My father’s dad died when he was eight years old leaving his mother, my Big Mama, to care for him and his five older sisters. Even though I never got to meet that grandfather, if my father was anything like him, it’s a good legacy to pass on. I have never seen a picture or heard others talk of him. We called my father “Daddy”; his co-workers called him “Hoppy”. We learned that he was a hard working guy who rescued our mom from a bad family situation. Suffice it to say she wasn’t my grandmother’s favorite.
My father’s sisters loved him, as did my brother and two sisters. He was a gentle giant to us (6 feet, 200+ pounds), who often told us of his Oklahoma exploits in fights with young guys, some White and some Black. We never heard of a loss. Daddy worked as an auto detail man, washing and polishing cars . His greatest opportunity came when the automobile dealer he worked for made a decision to move to California after the Oklahoma Dust Bowl had essentially destroyed his business.
Each employee was given the choice to stay in Oklahoma or go to California with the company. Daddy chose to move to California and life changed for the Hopkins family. Somehow, we moved into our own house, in a racially integrated neighborhood. We were moving on up! I remember waking up to Buster Brown on the radio.
We went to an integrated school and faced daily calls of racist names. But, Daddy taught us to fight, which I did. We could walk to school and walk to church. Daddy was treated badly at work but he worked and with side hustle. Mama started her own business and Daddy wanted his own brick and mortar business. He started what he thought would be his own business; however, the ‘boss man“ from the automobile dealership went to the landlord, told them he would pay to raise the rent so Daddy wouldn’t be able to afford it. Daddy was so devastated by the raised rent that he was forced to go back to work at his old job. On the side, he continued to polish cars for individuals and began buying old cars, which he would shine and sell for a profit.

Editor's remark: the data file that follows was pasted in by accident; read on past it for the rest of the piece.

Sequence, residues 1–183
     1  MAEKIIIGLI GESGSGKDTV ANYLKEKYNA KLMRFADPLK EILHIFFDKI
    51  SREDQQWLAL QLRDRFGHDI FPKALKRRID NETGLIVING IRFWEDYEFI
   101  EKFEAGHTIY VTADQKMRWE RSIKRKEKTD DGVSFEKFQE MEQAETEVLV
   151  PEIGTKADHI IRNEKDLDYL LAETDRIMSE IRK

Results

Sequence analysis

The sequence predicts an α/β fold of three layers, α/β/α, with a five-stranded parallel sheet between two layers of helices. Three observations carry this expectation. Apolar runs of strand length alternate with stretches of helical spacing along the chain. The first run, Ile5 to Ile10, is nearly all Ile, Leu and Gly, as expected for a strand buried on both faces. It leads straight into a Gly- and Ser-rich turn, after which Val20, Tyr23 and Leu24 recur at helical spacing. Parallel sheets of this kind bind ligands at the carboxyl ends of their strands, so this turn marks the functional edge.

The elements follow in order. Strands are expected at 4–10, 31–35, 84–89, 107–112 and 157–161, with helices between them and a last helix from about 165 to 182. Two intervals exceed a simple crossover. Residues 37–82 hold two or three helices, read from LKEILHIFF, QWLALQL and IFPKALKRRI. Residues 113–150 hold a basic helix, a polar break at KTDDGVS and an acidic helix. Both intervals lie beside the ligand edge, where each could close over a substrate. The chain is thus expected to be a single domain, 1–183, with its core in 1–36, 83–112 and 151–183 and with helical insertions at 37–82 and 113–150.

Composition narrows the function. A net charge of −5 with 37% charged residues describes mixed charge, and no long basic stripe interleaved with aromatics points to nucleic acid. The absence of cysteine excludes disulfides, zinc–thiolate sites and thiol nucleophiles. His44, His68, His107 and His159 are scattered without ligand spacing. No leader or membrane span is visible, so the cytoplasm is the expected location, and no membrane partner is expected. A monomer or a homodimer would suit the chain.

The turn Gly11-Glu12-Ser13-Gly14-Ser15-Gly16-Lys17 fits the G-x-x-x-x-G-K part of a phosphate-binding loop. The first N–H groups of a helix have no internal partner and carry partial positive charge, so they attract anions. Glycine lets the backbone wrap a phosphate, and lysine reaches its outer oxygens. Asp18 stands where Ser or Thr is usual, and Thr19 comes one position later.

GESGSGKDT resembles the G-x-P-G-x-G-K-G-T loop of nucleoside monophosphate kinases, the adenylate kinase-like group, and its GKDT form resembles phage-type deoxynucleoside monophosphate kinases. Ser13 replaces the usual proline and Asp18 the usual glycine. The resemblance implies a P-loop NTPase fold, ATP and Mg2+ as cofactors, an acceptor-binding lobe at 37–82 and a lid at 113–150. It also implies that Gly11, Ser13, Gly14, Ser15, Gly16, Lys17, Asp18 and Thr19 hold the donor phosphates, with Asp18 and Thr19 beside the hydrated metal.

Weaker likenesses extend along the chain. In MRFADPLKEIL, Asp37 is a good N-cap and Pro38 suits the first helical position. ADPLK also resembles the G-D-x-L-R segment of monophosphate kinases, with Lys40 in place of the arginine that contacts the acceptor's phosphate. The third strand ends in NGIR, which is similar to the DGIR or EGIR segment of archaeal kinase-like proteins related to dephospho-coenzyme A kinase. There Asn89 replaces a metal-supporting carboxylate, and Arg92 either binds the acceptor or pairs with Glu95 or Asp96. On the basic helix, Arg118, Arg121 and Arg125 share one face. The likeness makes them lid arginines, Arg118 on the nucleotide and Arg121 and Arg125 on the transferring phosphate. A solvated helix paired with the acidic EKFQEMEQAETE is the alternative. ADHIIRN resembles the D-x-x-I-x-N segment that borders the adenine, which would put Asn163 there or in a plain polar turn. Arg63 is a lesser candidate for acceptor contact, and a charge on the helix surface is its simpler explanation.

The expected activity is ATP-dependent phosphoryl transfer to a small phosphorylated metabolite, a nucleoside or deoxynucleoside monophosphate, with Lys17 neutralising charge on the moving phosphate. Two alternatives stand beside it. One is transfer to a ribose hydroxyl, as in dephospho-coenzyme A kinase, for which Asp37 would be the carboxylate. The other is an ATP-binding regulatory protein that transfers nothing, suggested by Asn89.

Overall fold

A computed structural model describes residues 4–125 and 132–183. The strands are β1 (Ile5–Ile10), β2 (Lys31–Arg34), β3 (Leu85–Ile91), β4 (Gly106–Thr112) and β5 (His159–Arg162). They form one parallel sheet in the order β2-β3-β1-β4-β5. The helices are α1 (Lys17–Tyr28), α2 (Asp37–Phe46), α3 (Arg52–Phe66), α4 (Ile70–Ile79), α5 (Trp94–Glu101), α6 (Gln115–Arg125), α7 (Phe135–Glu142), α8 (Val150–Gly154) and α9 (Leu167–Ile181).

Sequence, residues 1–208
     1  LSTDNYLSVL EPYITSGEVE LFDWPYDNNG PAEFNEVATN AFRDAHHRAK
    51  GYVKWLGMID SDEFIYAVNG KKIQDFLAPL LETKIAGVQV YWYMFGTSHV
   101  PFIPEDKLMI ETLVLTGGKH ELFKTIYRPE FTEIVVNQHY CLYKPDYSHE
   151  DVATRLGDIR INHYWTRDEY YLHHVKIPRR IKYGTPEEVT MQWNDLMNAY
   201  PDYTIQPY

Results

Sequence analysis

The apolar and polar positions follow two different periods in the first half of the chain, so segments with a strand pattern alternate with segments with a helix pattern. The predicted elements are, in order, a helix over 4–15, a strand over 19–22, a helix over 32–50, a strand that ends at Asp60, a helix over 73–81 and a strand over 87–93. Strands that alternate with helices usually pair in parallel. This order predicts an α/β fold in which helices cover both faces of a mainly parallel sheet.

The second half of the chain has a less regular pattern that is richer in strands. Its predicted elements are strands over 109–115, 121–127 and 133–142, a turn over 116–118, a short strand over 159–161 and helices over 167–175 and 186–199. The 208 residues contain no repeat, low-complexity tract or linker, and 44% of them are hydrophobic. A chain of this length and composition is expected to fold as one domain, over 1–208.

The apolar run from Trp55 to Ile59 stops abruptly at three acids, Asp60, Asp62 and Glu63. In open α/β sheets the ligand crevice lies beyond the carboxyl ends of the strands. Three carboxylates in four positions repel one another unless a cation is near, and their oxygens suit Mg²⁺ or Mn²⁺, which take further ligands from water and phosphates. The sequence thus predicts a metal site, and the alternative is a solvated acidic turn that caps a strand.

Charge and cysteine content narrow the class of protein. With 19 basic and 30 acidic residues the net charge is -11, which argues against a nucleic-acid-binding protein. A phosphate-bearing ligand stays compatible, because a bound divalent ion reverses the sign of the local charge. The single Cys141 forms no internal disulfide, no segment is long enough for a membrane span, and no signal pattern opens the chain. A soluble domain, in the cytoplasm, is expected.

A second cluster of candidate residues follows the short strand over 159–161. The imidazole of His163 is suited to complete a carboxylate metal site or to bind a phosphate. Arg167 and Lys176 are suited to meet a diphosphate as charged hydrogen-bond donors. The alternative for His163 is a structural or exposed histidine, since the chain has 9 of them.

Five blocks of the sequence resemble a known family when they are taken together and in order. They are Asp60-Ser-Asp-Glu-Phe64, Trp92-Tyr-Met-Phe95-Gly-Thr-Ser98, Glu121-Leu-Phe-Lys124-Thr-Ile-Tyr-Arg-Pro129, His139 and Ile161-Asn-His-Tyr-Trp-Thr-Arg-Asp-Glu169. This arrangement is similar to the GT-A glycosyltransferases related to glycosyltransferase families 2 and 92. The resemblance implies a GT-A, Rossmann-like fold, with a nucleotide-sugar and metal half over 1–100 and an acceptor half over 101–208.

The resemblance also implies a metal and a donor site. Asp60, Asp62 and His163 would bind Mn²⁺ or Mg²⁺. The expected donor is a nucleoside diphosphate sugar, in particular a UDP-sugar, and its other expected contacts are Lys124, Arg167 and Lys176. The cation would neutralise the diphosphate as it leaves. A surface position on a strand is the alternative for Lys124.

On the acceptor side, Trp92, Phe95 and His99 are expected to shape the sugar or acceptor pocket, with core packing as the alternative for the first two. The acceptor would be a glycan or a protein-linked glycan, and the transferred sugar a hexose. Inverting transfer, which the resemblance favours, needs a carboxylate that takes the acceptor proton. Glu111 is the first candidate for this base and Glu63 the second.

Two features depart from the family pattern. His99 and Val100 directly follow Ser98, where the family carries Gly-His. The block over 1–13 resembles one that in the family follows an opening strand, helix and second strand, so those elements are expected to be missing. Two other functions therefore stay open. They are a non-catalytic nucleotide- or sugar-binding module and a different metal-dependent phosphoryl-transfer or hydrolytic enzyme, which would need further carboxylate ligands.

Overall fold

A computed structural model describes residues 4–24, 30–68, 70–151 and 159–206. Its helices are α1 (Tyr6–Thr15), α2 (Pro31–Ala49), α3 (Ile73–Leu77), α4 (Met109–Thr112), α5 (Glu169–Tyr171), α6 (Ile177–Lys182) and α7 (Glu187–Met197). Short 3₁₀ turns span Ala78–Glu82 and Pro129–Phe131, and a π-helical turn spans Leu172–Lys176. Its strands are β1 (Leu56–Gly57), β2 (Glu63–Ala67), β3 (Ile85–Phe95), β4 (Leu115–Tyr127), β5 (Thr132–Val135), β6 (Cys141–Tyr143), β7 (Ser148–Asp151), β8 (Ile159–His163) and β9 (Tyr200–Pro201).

Our family bought a house, which was the pride of Bakersfield; we lived happily until Daddy passed away, after fifty-one years of marriage to Momma. Daddy did better than okay; we lived on a block with the town’s only Black doctor and only Black dentist. Three of us children earned college degrees. They slowed Hoppy down but could not stop him. I have written the following poem in his honor...
No Law Degree no Ph.D.; no lynching tree but you gave us a way to be free.
We moved out of the South, where life was harder than bricks;
you cared for us and took the licks.
While we enjoyed life without the sting of the stones and names;
you taught us to survive and we thrived in the California sun where we came.
We avoided the pain of being openly second-class;
and, avoided the pain of hard looks when we passed.
You took care of Mama and she took care of us.
Together, the two of you were tough.
California was not always the easy life it was supposed to be;
but it was not the South, where we were no more than a tree.
Nevertheless, we were free.
No trail of tears or Southern fears because we could defend ourselves.
Our dreams came true; we survived the pain and we moved away
to seek out our gains.
We got the Ph.Ds. and the Law degrees while we avoided the lynching tree and you got the glory.
I can see you smile as you count the honors your grands and great-grands brought to you,
and we can shout out loud that we sll made you proud!
Thank-you, Daddy, for teaching us what a father should be.
Your son, Joe